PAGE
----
For now, some may still suffer a lingering anxiety that it might be best to get out before it’s too late–before the Xbox version of the TV adaptation of the movie based on the comic book inspired by a children’s genre born of Depression-era America keeps me in lockdown another two hours a day. Happily, there are product lines for these doubting souls as well. Consider a T-shirt now available for purchase, apparently in quantities sufficient enough so as not to come from the ironing board of a single homebound lunatic. Aimed at members of the Whedon-nation, the shirt reads: “How much Serenity stuff do I have to buy to get a sequel?” The shirt proclaims, in effect, “I’m hip enough to know that the entertainment industry is a ruthless bottom-line business, but I am beyond such exploitation because I have pre-emptively embraced said exploitation as a tactic of self-empowerment. I understand industry strategy, and by performing that “insider” understanding, am somehow inoculated from its effects and implications; or, more radically, no one can escape media exploitation, so why fight it; or, more colloquially, everyone already knows what I would do for Serenity (and Joss!)—all we’re arguing about now is the price.” It is rather like Christians responding to Nietzsche by printing up a batch of T-Shirts with crucifixes on the front, “the Religion of Slaves!” emblazoned proudly on the back.
This sentiment appears fairly common within the Whedon encampment. A website encourages Serenity fans to mail “wavecards” to Universal because, “In the film industry, money talks, so by sending these wavecards, which are officially licensed products, we’re putting money in Universal’s pocket and underscoring the potential for lots more profit.” Such activism, which no doubt goes well beyond the profit-verse of Firefly/Serenity, may well be a first in the annals of corporate protest: let us signify our unhappiness with the studio’s policy by doing exactly what the studio wants us to do—buy more officially licensed crap. A post on a Firefly message board seconds this strategy: “I agree that supporting licensed merchandise is the most straight forward way to support the movie. I’ve bought 8 copies of the BDS and BDM, and a Serenity T-shirt. I also rented Serenity once before I bought it.” Who wrote this, one wonders? A “fan” or a flak in the Universal legal department? Is it a loyalty oath of some kind? Or do these distinctions even matter anymore?
Twenty years ago, a person who professed a belief that his letters were having an impact on the color of Cliff Huxtable’s sweaters would have been a prime candidate for institutionalization, a delusion of reference par excellence. Today we take such ideation in stride: “Everyone knows producer X reads the Show Z message boards, he even logs in sometimes under an alias!” Therefore, the Show Z community has an impact on the program. As delusions go, this one is particularly sad, like the psychotic alone at a window in the day room who thinks he controls the weather. From Freud onward, theorists have attempted to account for how the psychotic translate internal affect into fantasies of external control, how libidinal energies become literalized as a type of ray that can influence a love object from afar. The entire point of the trolling media God fantasy—even if one knows, deep down, it’s really only an intern assigned to update all the ancillary content—is to flatter and thus further entangle viewers in fantasies of their own creative agency. Not only do the media speak to me, they want to hear from me! That show matters to me, so I must matter to it!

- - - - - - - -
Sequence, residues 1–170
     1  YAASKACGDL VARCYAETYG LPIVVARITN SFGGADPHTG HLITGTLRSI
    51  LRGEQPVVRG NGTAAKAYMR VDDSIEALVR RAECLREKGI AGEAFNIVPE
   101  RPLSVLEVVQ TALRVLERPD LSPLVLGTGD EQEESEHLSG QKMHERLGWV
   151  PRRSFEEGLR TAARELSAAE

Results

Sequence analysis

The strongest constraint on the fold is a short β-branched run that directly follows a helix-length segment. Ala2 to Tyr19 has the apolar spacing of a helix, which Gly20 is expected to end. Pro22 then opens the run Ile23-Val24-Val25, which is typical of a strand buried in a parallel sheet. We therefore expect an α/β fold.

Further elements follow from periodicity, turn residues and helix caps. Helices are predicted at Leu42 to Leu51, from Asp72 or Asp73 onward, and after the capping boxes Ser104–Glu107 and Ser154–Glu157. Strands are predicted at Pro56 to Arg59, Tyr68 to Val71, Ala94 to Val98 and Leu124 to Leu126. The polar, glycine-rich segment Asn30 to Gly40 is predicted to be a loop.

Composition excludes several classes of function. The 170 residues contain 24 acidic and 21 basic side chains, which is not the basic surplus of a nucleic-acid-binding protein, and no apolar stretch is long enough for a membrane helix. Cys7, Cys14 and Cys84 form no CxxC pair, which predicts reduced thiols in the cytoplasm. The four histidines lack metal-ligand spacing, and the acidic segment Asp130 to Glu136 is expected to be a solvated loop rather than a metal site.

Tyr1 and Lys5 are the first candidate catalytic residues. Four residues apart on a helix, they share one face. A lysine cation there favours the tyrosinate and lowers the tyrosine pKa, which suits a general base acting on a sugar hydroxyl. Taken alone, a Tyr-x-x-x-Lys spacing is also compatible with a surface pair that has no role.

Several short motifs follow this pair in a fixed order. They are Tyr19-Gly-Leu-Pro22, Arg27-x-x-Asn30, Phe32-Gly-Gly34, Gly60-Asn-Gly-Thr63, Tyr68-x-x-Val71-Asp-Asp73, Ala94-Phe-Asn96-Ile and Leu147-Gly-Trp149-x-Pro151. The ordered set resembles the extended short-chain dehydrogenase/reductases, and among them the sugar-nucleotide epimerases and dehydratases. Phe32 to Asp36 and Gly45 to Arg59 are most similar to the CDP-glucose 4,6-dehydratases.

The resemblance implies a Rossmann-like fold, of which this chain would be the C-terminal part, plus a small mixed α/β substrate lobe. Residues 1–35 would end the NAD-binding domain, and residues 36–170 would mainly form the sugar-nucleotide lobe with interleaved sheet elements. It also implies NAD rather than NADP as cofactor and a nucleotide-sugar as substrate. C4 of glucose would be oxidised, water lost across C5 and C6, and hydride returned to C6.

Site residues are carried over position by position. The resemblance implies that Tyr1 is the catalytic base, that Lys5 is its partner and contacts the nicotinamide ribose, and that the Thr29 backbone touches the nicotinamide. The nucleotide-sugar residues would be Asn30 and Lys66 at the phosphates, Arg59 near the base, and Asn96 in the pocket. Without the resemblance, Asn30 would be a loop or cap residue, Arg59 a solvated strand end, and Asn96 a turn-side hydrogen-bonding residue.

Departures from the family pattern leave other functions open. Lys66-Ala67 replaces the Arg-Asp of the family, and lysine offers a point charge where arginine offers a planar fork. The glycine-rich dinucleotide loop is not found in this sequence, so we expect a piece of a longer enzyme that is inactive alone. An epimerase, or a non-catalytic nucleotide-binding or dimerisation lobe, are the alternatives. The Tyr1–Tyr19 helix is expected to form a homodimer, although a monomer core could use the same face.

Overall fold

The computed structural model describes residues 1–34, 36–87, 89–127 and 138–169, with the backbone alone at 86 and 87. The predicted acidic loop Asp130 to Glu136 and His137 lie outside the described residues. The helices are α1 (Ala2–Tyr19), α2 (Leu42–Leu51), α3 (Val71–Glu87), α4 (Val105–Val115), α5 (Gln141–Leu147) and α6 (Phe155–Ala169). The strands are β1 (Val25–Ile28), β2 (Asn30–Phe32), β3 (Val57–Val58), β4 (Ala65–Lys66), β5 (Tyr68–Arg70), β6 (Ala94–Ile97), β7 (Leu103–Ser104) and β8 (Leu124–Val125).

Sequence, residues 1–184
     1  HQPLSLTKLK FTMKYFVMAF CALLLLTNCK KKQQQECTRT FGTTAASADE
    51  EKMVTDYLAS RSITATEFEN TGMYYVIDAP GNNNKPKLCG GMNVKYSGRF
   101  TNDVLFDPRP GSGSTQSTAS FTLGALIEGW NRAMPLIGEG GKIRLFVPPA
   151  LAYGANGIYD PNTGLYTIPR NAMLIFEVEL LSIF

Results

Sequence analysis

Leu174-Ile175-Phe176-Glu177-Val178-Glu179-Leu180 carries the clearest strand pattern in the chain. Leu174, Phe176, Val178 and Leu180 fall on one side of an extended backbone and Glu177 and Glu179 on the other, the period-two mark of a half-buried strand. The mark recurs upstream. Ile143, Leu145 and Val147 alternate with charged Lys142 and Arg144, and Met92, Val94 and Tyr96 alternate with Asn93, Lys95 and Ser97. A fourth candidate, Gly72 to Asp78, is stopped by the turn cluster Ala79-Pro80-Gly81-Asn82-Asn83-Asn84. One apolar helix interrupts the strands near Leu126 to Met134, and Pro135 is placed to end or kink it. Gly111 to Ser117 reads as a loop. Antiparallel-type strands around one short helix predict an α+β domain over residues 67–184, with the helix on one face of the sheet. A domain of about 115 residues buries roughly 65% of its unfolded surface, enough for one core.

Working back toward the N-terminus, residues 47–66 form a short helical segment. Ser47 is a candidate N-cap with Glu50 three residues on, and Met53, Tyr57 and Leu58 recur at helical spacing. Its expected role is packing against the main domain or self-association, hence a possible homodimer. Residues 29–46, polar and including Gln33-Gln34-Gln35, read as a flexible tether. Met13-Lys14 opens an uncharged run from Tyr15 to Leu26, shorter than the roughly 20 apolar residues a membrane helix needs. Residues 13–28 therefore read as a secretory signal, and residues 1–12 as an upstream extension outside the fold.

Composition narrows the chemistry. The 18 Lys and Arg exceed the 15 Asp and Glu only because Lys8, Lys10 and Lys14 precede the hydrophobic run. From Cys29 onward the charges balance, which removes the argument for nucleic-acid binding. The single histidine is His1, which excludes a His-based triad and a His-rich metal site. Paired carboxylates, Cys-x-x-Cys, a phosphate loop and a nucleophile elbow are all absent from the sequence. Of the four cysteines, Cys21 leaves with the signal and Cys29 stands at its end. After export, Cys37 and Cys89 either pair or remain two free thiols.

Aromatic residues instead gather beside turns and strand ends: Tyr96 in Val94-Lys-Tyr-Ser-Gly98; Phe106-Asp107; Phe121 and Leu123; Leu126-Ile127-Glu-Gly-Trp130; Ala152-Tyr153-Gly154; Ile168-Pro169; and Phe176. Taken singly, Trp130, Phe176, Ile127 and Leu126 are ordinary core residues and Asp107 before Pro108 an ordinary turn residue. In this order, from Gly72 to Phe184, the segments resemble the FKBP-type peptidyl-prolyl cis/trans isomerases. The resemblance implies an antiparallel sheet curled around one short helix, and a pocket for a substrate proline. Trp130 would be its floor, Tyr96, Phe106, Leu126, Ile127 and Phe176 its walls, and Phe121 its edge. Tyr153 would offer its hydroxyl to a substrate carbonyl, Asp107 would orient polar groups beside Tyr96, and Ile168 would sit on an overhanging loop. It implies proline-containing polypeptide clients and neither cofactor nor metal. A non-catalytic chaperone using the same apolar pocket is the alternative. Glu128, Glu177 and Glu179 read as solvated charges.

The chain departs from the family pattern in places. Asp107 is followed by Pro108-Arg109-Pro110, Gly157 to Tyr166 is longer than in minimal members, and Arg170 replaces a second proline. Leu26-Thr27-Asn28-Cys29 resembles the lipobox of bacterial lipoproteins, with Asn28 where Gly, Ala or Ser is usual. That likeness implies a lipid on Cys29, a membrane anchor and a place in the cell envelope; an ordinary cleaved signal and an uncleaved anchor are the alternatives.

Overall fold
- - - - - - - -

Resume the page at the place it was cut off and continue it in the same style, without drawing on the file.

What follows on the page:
Of course, viewers can’t be blamed for believing they actually have a tangible impact on what direction Chuck might take on NBC, or in thinking that only their credit limit and more shelving space stand between them and a Daredevil sequel—the totality of the convergence enclosure is now set up precisely to encourage such delusions of “prosuming” reference. Captive now for almost a century to the technocratic administration of the imagination, perhaps this variant of Stockholm syndrome is the only possible endpoint allowed us. I want my kidnapper’s attention and approval so desperately that I’m willing to become a model consumer; an accommodating hostage eager to do everything within my corporately sanctioned power to advance the brand—for weeks, months, even years of my life.
If you find such pro-active corporate obedience to be sad and a little scary, don’t worry. After the convergence converges, after the culture industries perfect a handful of hermetically sealed franchises to better manage any potential eccentricities of affect, and after you discover there are no “licensed” fantasies that speak to your particular structure of desire—the orderlies will be there to provide you with all the Thorazine you could possibly want.
1. (No Caption)
2. These are not your thoughts.
3. An NBC-Universal employee demonstrates how you might best demonstrate
your enthusiasm for NBC product.
4. I hear and I obey.
5. Thorazine: Useful for sedating those who believe the television speaks to them directly, and in the future, for those who believe it does not.